“And now you’re actually fixing me up with another guy?! I mean, how is that supposed to make me feel, Marsh? I’m used to the idea of thinking of other girls as my rivals, potentially. I’ve seen guys who I thought were mine, suddenly flirting with somebody else who might be a bit prettier, or cuter, or whatever. But how am I supposed to deal with the idea that you’re interested in another man instead of me?”

I found myself backing up, reacting to her just the way I would have if I were still male – used to the idea that fighting was done by physical dominance and hindered by the internalized rule that you didn’t do that with girls. But then I caught myself and realized something. I’m not a boy. I shook my head to clear it. There was no reason for me to react this way.

I stopped backing up, put my hands on my hips and stared up at her. “You just need to accept it, Vicky. I have no idea what’s going to happen. There’s no particular reason to say that I’ll change back, or that I even want to any more.”

That stopped her. She blinked at me. “What? What did you say?”

“Do you want to be a boy, Vicky?”

“What? No, of course not! I mean, I like boys, but I wouldn’t want to be one.”

“So why should I want to be one?”

“What? But… I mean, you are a boy…”

“Oh, Vicky,” I said, taking her hands in mine. “Look at me. Do I really look like a boy? I… for all I know, I do need to change back, but it’s not because I want to. It’s taken me all this time to realize that I’m comfortable this way – I remember being a boy, and I remember liking being a boy, only… it’s getting harder and harder to remember why. If I choose to change back now, it’ll be because no matter what I feel like, I’ll always have this horrible secret that I’m afraid to tell, or because it feels dishonest to be a girl. Or because… well, there are some problems, but mostly because I don’t know what else Davis and company might be able to do – and if we can talk to them, maybe we can find out or stop them or something. But I’m not a boy stuck in a girl’s body – my brain and body and even a lot of my habits now, are just as female as you.

“I… mentioned you to Geoff because… even if we’re not attracted to each other, I still love you and want you to be happy. I think you’d be a lot happier with somebody like Geoff than with a creep like Kevin. And if I do change back… well, I guess I have to take the chance that you might prefer him to me by then. It feels as though there’s two parts to me. Marshall loves you, Vicky. That we’ve been able to be as close as we have these past few months proves to me that it’s more than just lust. It’s love. But at the same time, that part of me that’s Marsha… loves Jeremy. And I really hope you can accept that.”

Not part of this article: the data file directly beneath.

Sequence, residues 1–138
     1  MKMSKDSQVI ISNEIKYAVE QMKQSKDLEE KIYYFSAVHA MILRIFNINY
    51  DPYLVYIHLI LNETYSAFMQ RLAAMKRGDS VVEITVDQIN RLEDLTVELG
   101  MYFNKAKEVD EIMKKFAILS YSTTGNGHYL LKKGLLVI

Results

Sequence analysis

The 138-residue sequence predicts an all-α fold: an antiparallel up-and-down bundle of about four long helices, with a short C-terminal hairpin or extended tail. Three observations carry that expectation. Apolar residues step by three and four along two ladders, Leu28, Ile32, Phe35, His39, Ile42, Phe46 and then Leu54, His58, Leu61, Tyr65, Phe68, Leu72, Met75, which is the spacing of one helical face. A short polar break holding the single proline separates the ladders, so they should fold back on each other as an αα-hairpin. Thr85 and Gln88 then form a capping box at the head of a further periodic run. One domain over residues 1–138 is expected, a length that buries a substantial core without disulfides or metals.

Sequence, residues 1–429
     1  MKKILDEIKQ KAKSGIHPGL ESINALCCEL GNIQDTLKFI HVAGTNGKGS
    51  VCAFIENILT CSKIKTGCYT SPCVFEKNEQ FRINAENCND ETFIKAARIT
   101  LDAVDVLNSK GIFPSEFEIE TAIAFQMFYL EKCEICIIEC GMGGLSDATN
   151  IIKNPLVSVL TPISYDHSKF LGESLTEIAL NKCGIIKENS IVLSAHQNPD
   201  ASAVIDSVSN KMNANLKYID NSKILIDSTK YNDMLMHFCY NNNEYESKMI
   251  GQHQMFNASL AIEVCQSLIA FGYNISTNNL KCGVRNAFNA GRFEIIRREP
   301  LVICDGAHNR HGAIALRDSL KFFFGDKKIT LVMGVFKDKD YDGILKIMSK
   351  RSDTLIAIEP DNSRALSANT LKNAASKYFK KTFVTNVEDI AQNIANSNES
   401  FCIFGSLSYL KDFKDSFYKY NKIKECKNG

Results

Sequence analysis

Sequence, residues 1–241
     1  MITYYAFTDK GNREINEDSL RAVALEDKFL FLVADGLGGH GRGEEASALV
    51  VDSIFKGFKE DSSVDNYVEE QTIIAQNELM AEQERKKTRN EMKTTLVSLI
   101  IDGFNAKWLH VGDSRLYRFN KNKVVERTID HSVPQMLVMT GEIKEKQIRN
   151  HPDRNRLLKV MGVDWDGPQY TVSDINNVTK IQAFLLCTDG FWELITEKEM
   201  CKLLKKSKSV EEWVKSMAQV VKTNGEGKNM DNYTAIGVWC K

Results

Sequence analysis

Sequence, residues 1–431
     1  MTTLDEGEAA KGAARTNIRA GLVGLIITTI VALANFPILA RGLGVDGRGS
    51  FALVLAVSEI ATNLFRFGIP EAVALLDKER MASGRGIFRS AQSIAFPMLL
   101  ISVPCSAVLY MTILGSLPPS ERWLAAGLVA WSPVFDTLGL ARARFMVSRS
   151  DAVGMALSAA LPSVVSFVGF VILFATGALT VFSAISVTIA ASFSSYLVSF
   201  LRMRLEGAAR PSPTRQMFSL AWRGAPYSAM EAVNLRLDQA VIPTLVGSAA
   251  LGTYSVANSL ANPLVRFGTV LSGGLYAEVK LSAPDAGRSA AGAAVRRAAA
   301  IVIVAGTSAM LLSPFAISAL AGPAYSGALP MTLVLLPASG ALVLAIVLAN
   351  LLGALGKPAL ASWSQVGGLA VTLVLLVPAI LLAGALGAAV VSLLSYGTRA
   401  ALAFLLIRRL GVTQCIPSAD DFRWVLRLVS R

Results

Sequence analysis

She sat down on the bed, hard, her face a mixture of confusion, jealousy, and shock. She was staring, not at the floor, nor at me. “I don’t know how you do this, Marsh,” she said, her voice squeaking in the middle. “Just when I think I have things figured out, you hand me something I can’t quite grasp. I don’t see how I’m supposed to accept this. It’s like you keep forcing me to try to be a better and more understanding person – do you have any idea how uncomfortable that is for me?”

“But you can do it.”

“I don’t know that!” She looked up at me and I saw the tears streaming down her face. “I just want to go back to the way we were. It was so much easier. Even being afraid I was going to lose you, I knew who I was. You let me be who I was. Why are you making me grow and change? I thought boys just accepted their partners and wanted them never to change. It’s girls who are always trying to change their part…” She broke off and I saw her expression change to surprise. “Oh my gosh…”

I reached for her to comfort her, and in the worst timing of the afternoon, we heard a knock at the door. “I’ll get it,” I said. “You fix your makeup, or whatever you’re supposed to say.” I managed a smile of chagrin. “I’m still not really good at this.”

I opened the door to find Martin and Eric and waved them in.

“I was going to apologize for being early,” Martin said, “only I see you still beat us here. What’s the news?”

“Come into Vicky’s bedroom, and I’ll explain,” I said.

“Am I missing something?” I heard Eric whisper humorously to Martin. “I mean, we do seem to keep getting invited into the girls’ bedrooms…” I was pleased to see Martin elbow him into silence.

When we got back to Vicky, she was sitting on the bed, placidly, with no sign of tearing on her cheeks. I really wish I knew how she’d done that; I could see it coming in handy. “OK, guys,” I announced. “The news itself is simple. The hard part is: what do we do about it?” I left a dramatic pause before pulling a sheet of paper from my purse. “I have here Professor Davis’s mailing address, e-mail address, and phone number.”

I waited for the boys to react before continuing. “Now we actually still have a problem. As I think we’ve mentioned, Luke says he doesn’t want to speak with students, and maybe not with anybody about the experiment, so just getting a message to him isn’t enough. We have to get him to respond.

“Any ideas?”